Through a Jungian Lens

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Misplaced Values

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poverty1It’s hard to imagine one family having a net worth of $400,000,000,000.00 – that’ four hundred billion dollars. Yet, there are two families who share this honour – the Rothschild and the Rockefeller familes. It’s hard to imagine a single person having a net worth of $75,000,000,000.00 such as Bill Gates or the various family members of the Walmart empire (Waltons) who each hover around thirty-five billion dollars in net worth, or the Koch brothers who are worth more than forty billion dollars each. It is a relatively easy task to find out who and how many are considered to be wealthy, obscenely wealthy. Yet, likely there are families and individuals who wealthy buy hiding behind the public radar. Wealth is measured in dollars and probably more importantly in terms of influence on the well-being of the planet.

Who is the poorest? If we take money and control of economies as a measure of wealth, then the number of people who would be tied for dead last – zero dollars of worth or influence – numbers in the millions. But numbers lie as I have learned. I personally know individuals who have a net worth of less than zero on paper but are the richest people in terms of what they have, cash flow, economic impact and social position. On paper they can prove that they qualify for welfare, but at the same time they travel the world first class.

For those who have no home, no means of transportation other than their feet, no work or hope of getting work, poor health and only wearing clothing that is discarded and eating food that is considered garbage by the average person – this is a real description of poverty and the numbers alive at this moment in the world who must live this way while an infinitesimally minute sector of the human population spend more for one meal or one bottle of wine than the poorest will ever see in their whole lifetime.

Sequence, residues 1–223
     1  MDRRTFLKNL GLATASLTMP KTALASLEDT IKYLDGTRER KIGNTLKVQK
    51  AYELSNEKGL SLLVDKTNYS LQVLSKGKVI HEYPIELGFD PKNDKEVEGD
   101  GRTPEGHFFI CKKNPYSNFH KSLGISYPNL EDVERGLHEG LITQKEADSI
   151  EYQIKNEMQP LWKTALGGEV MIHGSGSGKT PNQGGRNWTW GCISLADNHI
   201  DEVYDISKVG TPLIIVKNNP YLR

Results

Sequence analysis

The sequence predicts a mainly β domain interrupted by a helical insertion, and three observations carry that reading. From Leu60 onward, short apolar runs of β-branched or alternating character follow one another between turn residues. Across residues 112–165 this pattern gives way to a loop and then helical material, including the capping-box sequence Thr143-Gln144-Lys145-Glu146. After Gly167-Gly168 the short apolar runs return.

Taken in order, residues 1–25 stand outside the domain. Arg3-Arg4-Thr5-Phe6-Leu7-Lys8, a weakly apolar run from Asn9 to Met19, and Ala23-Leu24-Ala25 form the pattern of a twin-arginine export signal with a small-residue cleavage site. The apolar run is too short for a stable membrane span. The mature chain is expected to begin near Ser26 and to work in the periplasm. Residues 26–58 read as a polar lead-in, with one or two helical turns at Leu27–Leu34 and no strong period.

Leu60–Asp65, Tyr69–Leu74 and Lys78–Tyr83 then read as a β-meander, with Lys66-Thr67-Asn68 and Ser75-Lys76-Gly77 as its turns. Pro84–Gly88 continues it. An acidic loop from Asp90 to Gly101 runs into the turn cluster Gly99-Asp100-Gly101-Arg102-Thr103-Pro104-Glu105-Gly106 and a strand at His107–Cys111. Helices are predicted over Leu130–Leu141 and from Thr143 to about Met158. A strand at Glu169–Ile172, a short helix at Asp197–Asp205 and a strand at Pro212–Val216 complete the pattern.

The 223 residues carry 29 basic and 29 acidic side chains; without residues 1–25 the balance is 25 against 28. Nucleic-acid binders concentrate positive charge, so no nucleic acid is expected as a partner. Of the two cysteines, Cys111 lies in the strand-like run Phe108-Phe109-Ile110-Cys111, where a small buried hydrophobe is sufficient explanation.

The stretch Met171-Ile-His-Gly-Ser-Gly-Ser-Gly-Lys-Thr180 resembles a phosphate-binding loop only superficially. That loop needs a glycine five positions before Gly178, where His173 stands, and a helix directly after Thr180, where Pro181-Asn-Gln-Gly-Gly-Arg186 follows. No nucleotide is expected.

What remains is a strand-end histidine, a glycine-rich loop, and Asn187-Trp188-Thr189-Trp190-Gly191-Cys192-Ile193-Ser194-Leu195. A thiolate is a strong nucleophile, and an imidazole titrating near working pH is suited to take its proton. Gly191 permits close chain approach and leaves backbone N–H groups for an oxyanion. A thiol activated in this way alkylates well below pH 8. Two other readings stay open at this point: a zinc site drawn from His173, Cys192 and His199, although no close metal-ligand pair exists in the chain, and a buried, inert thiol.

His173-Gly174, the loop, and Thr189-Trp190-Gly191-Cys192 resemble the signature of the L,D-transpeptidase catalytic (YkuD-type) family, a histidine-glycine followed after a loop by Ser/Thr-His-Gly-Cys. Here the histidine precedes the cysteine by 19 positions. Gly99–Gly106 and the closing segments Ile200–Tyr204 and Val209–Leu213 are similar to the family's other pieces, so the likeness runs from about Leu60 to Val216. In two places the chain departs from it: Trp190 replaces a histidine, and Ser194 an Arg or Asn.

I have seen poor people, real poor people in Vietnam, Cambodia, India, and elsewhere like the girl pictured above; people who scrounge through garbage in order to survive. There is nothing about this picture that is right or just. Yet, as a human race, we laud the richest and treat the poorest as less than human. Imagine you are born into one of the hundred richest families in the world. Instantly, without any effort or merit you have become one of the elite of the human race. Imagine you are born into one of the hundreds of thousands of poorest families in the world. Regardless of effort or merit, there is no way of crawling up out of that poverty. The poor want to escape poverty, the wealthy want to be wealthier. Who will most likely get their wishes granted?

Those of us somewhere in the middle have been conned into believing that the rich deserve to be rich and that the poor deserve to be poor. We have been hoodwinked to look below us while the little bits of wealth that we have has already begun to shift upwards to those who get richer by the moment because of tax laws and the design of the world’s economies. Without our complicit agreement to maintain the status quo, the whole thing falls apart. Yet, our dreams of wealth push us to accumulate more rather than to invest in a belief that all humans are deserving.

Just saying . . .

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Written by Robert G. Longpré

March 25, 2014 at 9:57 am

Posted in Jungian Psychology

One Response

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  1. Well said, Robert!

    Robert Caldwell

    March 25, 2014 at 1:06 pm


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